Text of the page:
. . .

As a local and national labor leader, Gompers sought to build the labor movement into a force powerful enough to transform the economic, social and political status of America’s workers. To do so, he championed three principles. First, he advocated craft or trades unionism, which restricted union membership to wage earners and grouped workers into locals based on their trade or craft identification. This approach contrasted with the effort of many in the Knights of Labor to organize general, community-based organizations open to wage earners as well as others, including employers. It also contrasted sharply with the “one big union” philosophy of the Industrial Workers of the World.

Second, Gompers believed in a pure-and-simple unionism that focused primarily on economic rather than political reform as the best way of securing workers’ rights and welfare. Gompers’s faith in legislative reform was dashed in the 1880s after the New York Supreme Court overturned two laws regulating tenement production of cigars that he had helped pass. Gompers saw that what the state gave, it could also take away. But what workers secured through their own economic power in the marketplace, no one could take away.

Third, when political action was necessary, as Gompers increasingly came to believe in his later years, he urged labor to follow a course of “political nonpartisanship.” He argued that the best way of enhancing the political leverage of labor was to articulate an independent political agenda, seek the endorsement of existing political parties for the agenda and mobilize members to vote for those supporting labor’s agenda.


Charles Lutwidge Dodgson was born January 27, 1832. We know him as Lewis Carroll.

“Would you tell me, please, which way I ought to go from here?”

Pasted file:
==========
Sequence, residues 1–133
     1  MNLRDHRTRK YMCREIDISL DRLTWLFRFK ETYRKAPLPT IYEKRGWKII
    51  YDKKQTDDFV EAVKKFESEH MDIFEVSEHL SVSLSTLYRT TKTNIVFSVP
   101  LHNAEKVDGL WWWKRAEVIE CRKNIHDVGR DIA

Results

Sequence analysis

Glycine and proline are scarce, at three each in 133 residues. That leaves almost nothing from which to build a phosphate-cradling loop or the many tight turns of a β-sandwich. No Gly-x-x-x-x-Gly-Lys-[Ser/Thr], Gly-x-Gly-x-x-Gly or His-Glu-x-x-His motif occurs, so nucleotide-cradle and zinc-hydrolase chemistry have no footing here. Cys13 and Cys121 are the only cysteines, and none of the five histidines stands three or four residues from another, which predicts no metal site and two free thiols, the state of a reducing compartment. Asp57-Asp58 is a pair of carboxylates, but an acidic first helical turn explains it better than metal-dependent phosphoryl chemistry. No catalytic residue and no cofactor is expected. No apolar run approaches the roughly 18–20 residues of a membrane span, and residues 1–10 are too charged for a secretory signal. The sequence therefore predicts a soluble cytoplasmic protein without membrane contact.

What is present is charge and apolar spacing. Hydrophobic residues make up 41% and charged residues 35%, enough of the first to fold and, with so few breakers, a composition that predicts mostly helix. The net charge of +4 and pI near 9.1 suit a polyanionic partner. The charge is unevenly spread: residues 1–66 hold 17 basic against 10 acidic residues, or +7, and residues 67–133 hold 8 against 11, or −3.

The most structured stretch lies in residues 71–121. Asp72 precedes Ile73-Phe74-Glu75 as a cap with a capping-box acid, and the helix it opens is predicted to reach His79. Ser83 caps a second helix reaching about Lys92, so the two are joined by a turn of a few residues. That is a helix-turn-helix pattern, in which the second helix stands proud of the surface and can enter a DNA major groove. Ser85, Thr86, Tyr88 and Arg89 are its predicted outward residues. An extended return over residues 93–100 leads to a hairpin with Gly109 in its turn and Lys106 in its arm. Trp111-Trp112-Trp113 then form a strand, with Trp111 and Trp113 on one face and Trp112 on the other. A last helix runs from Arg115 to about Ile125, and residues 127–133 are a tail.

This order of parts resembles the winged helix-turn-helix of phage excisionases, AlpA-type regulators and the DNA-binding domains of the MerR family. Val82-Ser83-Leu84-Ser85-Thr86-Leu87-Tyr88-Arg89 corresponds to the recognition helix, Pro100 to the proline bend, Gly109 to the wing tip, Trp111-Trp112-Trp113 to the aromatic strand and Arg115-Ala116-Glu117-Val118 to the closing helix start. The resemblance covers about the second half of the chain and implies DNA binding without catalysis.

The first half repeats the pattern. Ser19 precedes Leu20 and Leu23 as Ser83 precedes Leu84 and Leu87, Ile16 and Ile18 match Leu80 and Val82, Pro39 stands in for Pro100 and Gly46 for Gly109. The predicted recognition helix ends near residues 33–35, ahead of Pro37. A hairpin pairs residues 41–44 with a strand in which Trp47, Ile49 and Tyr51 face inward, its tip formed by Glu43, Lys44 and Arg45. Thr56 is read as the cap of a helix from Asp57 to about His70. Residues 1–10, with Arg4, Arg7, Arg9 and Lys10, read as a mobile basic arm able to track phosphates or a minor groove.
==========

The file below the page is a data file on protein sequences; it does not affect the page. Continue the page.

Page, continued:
“That depends a good deal on where you want to get to,” said the Cat.
“I don’t much care where—” said Alice.
“Then it doesn’t matter which way you go,” said the Cat.

John Chivington was born on this date in 1821.

The hero of Glorietta Pass and the butcher of Sand Creek, John M. Chivington stands out as one of the most controversial figures in the history of the American West.
. . .

When the Civil War broke out, Colorado’s territorial governor, William Gilpin, offered Chivington a commission as a chaplain, but he declined the “praying” commission and asked for a “fighting” position instead. In 1862, Chivington, by that point a Major in the first Colorado Volunteer Regiment, played a critical role in defeating confederate forces at Glorietta Pass in eastern New Mexico, where his troops rapelled down the canyon walls in a surprise attack on the enemy’s supply train. He was widely hailed as a military hero.
. . .

A month later, while addressing a gathering of church deacons, he dismissed the possibility of making a treaty with the Cheyenne: “It simply is not possible for Indians to obey or even understand any treaty. I am fully satisfied, gentlemen, that to kill them is the only way we will ever have peace and quiet in Colorado.”

Several months later, Chivington made good on his genocidal promise. During the early morning hours of November 29, 1864, he led a regiment of Colorado Volunteers to the Cheyenne’s Sand Creek reservation, where a band led by Black Kettle, a well-known “peace” chief, was encamped. Federal army officers had promised Black Kettle safety if he would return to the reservation, and he was in fact flying the American flag and a white flag of truce over his lodge, but Chivington ordered an attack on the unsuspecting village nonetheless. After hours of fighting, the Colorado volunteers had lost only 9 men in the process of murdering between 200 and 400 Cheyenne, most of them women and children. After the slaughter, they scalped and sexually mutilated many of the bodies, later exhibiting their trophies to cheering crowds in Denver.

PBS – The West